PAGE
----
Opposition forces in Libya believe they have broken the recent stalemate and are once more close to overthrowing Colonel Muammar Gaddafi’s regime.
Their slow advance on the capital Tripoli has been boosted by the capture of two strategic towns—Zawiya and Garyan.
The dictator’s beleaguered regime slipped further as another leading loyalist appears to have defected to Egypt—interior minister Nasser al-Mabruk Abdullah who was responsible for security.
But the regime has teetered before and survived.
One reason for this is the changing nature of the war following the entry of Nato, including British forces.
In the early stages of the uprising rebels used megaphones to reach out to fellow citizens and Gaddafi’s troops to win them over to the rebellion.
The tactic was very effective. But from the first Nato air strikes at the end of March it ended.
The war was conducted through firepower and force, not winning ordinary people.
Gaddafi was able to view the opposition as agents of imperialism.
As the war descended into a bloody stalemate attitudes changed. Troops in Gaddafi’s army are now scared that if they surrender they will be killed or badly treated rather than welcomed.
And as hopes have reduced, rebel soldiers are more likely to view opposing troops as members of an ethnic or regional group rather than potential comrades.
The New York Times reports that rebel fighters have recently “lashed out at civilians because their tribes supported” Gaddafi.
The crucial stage of the war is the battle for Tripoli—by far the biggest city in the country.
Both sides fear a gruelling street-by-street fight. It could end up as a protracted guerrilla war with no clear victor.
Rebels and Gaddafi loyalists met for secret talks in the Tunisian town of Djerba on Monday.
The distance between the two “governments” is much less than it was even a couple of months ago.
The revolution’s original hope for a radical shift towards a more equal society looks very distant now.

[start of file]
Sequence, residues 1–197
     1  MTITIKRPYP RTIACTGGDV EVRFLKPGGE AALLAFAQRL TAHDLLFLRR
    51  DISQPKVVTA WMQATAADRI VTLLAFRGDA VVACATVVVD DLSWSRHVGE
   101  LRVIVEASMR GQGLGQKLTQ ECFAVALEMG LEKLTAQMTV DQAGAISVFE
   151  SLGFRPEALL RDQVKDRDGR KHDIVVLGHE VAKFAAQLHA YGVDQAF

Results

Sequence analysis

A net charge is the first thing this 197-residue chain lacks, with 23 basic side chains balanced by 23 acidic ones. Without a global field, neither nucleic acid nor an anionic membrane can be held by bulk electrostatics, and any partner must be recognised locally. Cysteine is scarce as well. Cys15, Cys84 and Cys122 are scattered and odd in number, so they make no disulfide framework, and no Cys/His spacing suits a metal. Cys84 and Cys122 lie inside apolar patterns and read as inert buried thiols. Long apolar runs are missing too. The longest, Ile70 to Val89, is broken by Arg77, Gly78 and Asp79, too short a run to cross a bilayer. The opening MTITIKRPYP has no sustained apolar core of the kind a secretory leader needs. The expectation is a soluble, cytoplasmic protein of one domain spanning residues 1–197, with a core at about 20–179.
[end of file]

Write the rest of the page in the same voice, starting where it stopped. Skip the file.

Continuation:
If Gaddafi’s exit is negotiated, a much more likely outcome is a weak and divided country beholden to the West.
This would be an ideal solution for Western governments and multinationals alike.
It would allow them to re-establish oil production without worrying about local demands for redistribution of wealth.
But the rebel forces have not united since the killing of their military commander General Abdel Fattah Younes by Islamists in the rebel army.
The subsequent sacking of the cabinet in the rebel capital of Benghazi did not resolve the situation—the administration in Misrata will not accept instructions from Benghazi.
A small elite are busy trying to make deals with Western leaders.
Since they have nothing new to offer their followers, the army is increasingly divided along ethnic and regional lines.
The New York Times comments, “The rebels’ Western backers have become alarmed at the growing rift between supporters of a group of rebels who have coalesced into a relatively unified army and the others who effectively remain a civilian band of militia fighters.”
If the war does descend into street fighting in a major city, the Nato intervention may well have created the situation it claimed it was there to prevent.
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